Mothers And Leadership 2021-05-11T09:16:43-04:00

Mothers And Leadership

We encounter many leaders in our lives as we forge our own leadership philosophies.  Hopefully, we integrate the best lessons from these leaders so we can grow into exemplary leaders ourselves.

For many of us, the very first leaders from whom we learn are our mothers.  On this Mother’s Day, what better leaders to reflect upon than our moms!

Mothers tie things together for many families.  They often serve as the anchor and the guide.  I grew up in a family with two boys.  My brother Steve was three years younger than me.

Like many siblings, we fought a lot.  My brother was high-strung, as was my father Joe.  Consequently, there was considerable verbal conflict in our home.  My mom Anita taught me the value of compromise and the importance of conflict resolution.

No matter what was happening in our home, our neighborhood or the world, my mom was able to maintain a positive attitude.  I never heard her utter a negative word about anyone.  She always managed to look on the bright side of things.  Even later in life, Liz’s and my friends frequently commented on my mom’s sunny outlook on life.  She demonstrated for me the power of a positive attitude.

Throughout our childhood, my mom ( and dad) showed me the importance of community involvement.  Mom held leadership positions in the PTA and in our local synagogue for many years.  She taught me the importance of getting involved in community and that leadership does not solely relate to positions we hold at work.

My father died suddenly when I was 19, a sophomore in college.  It was a shock for all of us.  With no warning, my mom was forced to carve out a new life for herself, both financially and emotionally.  She went through the grieving process and proceeded to start afresh, with determination and resolve, eventually marrying again and moving to a different state and making new friends.  Mom showed me the importance of resilience and of courage.

As I and my wife have also raised two boys, we have strived to pass on meaningful leadership lessons to our sons.  In preparation for this newsletter post, I asked my sons Jared and Ben to share the leadership lessons they have gathered from Liz.

Jared said Liz showed us Robert Greenleaf’s concept of “servant-leadership:”    “It was all about her ‘team’, aka the three of us.  Her goal every day was to help give us the tools to succeed no matter what we were doing.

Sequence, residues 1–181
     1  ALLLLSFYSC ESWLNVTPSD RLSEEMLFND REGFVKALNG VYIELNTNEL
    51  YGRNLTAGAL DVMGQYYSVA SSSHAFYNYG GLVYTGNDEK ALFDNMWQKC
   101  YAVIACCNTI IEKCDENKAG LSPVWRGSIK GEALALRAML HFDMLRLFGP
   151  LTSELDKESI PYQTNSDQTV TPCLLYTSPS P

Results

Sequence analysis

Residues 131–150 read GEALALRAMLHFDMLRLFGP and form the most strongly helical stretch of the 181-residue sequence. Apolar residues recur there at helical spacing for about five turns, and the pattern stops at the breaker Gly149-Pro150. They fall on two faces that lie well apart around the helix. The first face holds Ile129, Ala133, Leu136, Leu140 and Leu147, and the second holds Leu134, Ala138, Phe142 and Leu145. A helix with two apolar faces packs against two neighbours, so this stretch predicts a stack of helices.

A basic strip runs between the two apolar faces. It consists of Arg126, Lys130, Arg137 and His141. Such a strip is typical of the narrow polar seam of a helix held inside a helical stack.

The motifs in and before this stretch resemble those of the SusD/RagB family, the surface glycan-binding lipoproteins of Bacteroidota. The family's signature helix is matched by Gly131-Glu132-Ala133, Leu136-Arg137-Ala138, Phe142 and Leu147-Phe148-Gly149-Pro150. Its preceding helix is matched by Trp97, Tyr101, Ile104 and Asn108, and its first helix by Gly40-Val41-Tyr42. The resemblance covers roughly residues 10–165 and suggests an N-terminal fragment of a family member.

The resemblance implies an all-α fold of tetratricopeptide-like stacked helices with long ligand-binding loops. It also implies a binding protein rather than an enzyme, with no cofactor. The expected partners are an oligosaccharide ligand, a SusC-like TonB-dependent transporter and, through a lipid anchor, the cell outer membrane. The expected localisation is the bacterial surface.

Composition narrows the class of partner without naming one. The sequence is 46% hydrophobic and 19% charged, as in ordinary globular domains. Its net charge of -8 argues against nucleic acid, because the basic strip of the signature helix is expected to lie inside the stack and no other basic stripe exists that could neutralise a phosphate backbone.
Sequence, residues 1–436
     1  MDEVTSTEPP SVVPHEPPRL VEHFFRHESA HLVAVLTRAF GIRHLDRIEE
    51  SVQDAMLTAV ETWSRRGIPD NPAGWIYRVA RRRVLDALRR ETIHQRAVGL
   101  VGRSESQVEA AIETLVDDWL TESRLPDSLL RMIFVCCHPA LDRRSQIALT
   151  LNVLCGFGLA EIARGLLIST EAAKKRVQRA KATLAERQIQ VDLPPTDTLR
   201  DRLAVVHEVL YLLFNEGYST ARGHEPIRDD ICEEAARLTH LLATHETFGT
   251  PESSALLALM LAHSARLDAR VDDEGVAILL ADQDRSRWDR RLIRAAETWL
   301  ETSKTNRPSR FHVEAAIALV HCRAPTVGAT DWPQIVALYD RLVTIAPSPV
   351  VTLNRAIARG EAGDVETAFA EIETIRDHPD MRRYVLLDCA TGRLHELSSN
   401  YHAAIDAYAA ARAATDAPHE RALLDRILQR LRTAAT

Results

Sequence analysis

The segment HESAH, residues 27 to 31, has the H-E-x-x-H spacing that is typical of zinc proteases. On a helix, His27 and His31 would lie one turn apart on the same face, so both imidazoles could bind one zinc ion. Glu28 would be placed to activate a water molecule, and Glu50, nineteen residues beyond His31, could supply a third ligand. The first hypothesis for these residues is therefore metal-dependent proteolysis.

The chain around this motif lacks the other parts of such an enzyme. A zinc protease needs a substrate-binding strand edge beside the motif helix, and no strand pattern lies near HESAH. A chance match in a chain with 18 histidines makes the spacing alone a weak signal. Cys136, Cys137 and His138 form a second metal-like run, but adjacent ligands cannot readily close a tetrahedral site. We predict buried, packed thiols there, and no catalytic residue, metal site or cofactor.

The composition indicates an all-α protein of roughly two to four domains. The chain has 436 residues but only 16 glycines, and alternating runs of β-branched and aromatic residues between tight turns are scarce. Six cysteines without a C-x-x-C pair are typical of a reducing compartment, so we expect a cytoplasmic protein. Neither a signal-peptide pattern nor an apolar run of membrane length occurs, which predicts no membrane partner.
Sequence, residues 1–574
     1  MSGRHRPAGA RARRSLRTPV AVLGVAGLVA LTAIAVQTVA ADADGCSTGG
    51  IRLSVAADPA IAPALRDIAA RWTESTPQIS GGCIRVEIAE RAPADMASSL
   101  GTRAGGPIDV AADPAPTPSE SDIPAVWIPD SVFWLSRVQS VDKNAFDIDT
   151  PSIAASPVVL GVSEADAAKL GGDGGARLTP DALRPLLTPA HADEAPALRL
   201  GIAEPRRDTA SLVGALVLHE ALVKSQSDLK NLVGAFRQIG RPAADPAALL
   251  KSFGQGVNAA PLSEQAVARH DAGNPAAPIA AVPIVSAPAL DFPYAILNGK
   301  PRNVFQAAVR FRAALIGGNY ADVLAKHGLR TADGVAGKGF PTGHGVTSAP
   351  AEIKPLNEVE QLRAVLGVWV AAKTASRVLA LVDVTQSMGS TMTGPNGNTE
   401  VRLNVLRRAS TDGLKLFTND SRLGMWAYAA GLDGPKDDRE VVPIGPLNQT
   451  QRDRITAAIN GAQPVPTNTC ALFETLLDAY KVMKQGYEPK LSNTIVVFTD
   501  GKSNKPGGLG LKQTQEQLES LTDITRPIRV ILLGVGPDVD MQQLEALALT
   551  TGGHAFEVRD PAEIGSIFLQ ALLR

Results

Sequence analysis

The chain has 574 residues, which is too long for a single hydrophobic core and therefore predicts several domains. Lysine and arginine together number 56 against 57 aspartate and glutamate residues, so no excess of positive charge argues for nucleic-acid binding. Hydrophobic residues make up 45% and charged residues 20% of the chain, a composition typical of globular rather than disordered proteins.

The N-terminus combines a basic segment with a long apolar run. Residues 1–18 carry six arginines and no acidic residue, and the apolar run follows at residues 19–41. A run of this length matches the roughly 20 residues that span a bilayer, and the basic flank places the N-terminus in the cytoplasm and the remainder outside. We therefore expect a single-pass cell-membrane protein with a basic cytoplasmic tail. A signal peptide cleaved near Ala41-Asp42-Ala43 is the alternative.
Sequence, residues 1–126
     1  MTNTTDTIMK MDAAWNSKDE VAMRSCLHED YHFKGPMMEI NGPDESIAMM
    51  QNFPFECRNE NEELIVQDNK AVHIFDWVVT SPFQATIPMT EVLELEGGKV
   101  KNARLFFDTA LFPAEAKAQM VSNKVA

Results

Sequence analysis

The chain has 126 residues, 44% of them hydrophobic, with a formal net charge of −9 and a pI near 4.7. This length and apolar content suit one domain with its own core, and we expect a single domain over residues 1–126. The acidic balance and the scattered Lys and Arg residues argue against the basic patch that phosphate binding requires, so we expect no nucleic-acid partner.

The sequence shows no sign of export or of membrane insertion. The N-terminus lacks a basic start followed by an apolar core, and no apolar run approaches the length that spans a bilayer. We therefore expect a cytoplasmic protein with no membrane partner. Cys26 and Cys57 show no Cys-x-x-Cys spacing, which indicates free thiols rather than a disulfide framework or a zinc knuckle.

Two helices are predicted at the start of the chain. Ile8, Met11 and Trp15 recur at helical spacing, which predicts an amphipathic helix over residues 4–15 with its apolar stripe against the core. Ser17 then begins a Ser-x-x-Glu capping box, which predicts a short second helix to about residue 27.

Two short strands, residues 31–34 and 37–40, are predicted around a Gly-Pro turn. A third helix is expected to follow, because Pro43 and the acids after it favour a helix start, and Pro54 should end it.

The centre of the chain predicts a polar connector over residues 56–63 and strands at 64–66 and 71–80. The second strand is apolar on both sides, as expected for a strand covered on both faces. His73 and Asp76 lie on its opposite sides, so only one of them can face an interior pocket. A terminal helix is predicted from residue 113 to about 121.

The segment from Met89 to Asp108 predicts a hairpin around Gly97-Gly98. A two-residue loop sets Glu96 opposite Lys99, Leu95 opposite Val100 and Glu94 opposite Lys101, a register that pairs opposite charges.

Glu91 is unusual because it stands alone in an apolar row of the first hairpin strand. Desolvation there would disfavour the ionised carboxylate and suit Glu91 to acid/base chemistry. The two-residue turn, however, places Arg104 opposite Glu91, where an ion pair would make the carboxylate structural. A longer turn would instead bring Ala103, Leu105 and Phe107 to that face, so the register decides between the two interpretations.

She also showed us the importance of self-care; while she prioritized us, she also always prioritized making sure she was her best self – we know a leader cannot be their most effective unless they are ‘sharpening their saw’ first.  She played tennis with friends, went to the gym to take care of her personal health, and always filled up her bucket so she could help fill up our buckets too.”

Ben offered these leadership thoughts:  “Like good leaders, mom showed relentless encouragement.  She was always our biggest cheerleader, whether at sports, in school, or in life.  Having that constant encouragement from a leader can motivate people, since they feel that someone else is invested in them and their success.”

Ben added, “Mom provided constructive discipline.  I may have felt that some of the disciplinary practices were unfair at the time, but, looking back, mom always provided the opportunity to learn from mistakes and grow as a person.  As a leader, it’s important not simply to criticize, scold or discipline people for the sake of proving a point.  Instead, use the opportunity to help your people learn and grow.”

As we celebrate all the wonderful mother-leaders in our lives, I would be remiss if I did not acknowledge Sylvia Stoff, my mother-in-law, who passed away on February 25 one month after her 99th birthday.

Sylvia exemplified so many leadership attributes throughout her long life – an indomitable spirit, a willingness to do the hard work to succeed in what used to be a “man’s world,” a keen understanding of people and what made them tick, a sincere interest in others and their personal lives, a sharp sense of humor and a love of life.

Mom, we miss you!

To all you mothers and grandmothers out there, Happy Mother’s Day!!!